If you stroll down a street in an old city, one that has been around since at least the 18th century, you might stumble upon mini framelike metal fixtures embedded in the sidewalks outside front doors or perhaps even on front stoops. This is the humble boot scraper, and it was an essential part of daily life across Western Europe and the young United States for about two centuries.
It's not difficult to figure out what boot scrapers are used for, given their name. But what exactly are they scraping off your soles? Well, the French word for the boot scraper is "decrottoir," which roughly translates to "to remove excrement," per The Guardian.
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Before the advent of paved roads, pedestrians would, unsurprisingly, often have to trudge through some pretty mucky conditions. Between mud and excrement (both human and animal), shoes would quickly become filthy. This was typically an issue dealt with solely by those in lower societal classes because prior to the 18th century, walking as a form of travel was not something the rich had to deal with. Instead, they used their carriages to get around. However, when "strolling" became fashionable in high society, it was necessary to rid one's boots of filth before entering a proper home, according to The Independent.
Thus, the boot scraper was born. Traditionally made of cast iron, they were commonly found across Belgium, France, and the U.K. before hopping across the pond to the U.S. In America, older East Coast cities, from New York to Philadelphia and Charleston, saw them installed on sidewalks around town.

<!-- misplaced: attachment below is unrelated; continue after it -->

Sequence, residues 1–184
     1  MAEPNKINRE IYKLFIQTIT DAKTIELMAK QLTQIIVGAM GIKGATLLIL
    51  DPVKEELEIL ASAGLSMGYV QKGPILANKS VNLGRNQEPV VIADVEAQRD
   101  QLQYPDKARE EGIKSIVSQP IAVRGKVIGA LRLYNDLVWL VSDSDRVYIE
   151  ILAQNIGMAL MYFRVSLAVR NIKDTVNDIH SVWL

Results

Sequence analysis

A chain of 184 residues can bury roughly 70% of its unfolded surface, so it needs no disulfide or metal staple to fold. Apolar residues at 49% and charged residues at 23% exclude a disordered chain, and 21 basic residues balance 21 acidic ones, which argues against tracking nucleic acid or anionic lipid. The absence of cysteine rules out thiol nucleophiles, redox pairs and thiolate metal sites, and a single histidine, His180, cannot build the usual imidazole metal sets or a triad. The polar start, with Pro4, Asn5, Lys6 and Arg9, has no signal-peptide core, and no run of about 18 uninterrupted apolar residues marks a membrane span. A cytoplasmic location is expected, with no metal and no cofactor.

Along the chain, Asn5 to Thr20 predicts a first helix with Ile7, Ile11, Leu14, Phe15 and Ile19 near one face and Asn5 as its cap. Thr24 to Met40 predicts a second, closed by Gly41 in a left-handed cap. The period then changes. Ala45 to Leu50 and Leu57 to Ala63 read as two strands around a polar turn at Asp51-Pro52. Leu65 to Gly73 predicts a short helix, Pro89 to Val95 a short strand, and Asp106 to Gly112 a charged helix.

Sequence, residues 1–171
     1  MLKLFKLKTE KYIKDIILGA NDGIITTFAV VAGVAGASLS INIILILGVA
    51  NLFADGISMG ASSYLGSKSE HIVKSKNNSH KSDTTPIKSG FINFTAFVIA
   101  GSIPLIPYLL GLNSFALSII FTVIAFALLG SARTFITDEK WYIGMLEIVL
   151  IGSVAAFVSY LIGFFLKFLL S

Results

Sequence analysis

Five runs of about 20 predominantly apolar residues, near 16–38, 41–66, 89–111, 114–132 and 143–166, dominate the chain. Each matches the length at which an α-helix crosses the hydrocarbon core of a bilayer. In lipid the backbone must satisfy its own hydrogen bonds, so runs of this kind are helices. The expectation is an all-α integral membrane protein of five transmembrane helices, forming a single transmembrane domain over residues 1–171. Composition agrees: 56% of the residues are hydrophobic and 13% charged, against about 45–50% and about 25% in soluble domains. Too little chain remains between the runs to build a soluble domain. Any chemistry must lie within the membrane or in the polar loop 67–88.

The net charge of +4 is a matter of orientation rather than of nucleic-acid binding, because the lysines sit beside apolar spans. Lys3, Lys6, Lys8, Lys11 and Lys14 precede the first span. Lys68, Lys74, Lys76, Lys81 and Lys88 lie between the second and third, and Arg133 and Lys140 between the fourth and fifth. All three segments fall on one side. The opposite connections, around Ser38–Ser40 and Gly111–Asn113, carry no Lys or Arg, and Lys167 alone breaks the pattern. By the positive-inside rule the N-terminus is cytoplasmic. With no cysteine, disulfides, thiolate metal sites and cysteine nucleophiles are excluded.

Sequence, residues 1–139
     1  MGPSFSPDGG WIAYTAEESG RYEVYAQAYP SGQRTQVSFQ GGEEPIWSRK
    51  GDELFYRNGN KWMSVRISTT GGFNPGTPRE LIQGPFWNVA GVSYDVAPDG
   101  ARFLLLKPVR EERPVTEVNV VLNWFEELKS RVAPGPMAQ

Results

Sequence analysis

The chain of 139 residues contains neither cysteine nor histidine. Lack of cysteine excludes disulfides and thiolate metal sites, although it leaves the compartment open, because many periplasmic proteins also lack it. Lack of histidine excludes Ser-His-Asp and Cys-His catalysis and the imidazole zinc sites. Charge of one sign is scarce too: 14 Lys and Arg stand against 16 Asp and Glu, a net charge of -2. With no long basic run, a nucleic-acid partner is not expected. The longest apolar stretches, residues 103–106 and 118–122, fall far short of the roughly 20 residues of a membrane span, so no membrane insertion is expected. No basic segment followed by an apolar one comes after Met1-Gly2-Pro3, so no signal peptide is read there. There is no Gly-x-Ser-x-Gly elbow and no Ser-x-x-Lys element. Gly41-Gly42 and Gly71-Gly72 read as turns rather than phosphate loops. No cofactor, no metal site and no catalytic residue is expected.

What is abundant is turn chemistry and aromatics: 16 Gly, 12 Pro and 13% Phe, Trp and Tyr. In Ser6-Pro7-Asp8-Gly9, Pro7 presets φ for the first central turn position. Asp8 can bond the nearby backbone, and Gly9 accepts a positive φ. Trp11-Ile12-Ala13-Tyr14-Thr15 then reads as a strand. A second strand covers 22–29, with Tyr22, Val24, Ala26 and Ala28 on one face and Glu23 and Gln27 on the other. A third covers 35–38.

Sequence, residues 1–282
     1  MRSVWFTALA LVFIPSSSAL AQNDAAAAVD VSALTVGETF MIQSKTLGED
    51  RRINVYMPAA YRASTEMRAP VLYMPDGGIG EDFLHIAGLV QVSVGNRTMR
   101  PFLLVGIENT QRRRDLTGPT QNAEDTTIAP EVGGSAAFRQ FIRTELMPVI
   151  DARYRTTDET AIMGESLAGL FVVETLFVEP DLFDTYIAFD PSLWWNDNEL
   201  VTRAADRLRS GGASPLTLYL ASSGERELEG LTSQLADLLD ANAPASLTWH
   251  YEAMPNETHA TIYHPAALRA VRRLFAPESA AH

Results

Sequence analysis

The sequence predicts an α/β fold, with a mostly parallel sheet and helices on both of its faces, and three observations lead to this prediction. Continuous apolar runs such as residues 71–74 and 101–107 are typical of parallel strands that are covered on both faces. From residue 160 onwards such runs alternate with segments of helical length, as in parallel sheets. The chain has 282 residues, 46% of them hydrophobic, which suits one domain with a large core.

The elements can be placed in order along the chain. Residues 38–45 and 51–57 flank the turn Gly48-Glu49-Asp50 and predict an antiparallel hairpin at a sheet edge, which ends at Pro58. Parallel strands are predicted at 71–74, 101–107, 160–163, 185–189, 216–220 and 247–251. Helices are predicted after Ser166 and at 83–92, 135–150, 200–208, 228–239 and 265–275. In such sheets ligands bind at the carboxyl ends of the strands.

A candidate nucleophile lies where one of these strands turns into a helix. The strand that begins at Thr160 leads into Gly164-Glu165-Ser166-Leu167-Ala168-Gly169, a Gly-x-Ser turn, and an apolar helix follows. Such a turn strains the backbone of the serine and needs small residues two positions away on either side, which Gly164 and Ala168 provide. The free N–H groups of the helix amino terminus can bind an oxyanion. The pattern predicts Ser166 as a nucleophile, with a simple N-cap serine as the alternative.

While many boot scrapers were quite basic in their design, there were Victorian-era boot scrapers that took on a decorative flair with elaborate ironwork and even miniature sculptures on occasion. Some buildings had boot scrapers built into their exterior walls; a ground-level, arched cut-out would house the cast iron bar for scraping.
Yet, as the streets cleaned up and societal norms changed — suddenly, the proper thing for guests to do was remove their shoes upon entering a home, per The Independent — the boot scraper fell out of style. However, they are still quite fashionable for antique collectors. Antique and vintage marketplace 1stDibs currently sells them for hundreds (and even thousands) of dollars.
Today, boot scrapers do exist in some rural settings. In place of cast iron frames, these scrapers are typically in the form of a portable wood block with bristle brushes that surround the boot.
Nevertheless, the decorative iron boot scrapers of prior centuries can still be found in older cities as relics of the past. And hey, perhaps one day you'll come across one of these scrapers when your muddy shoes need it most.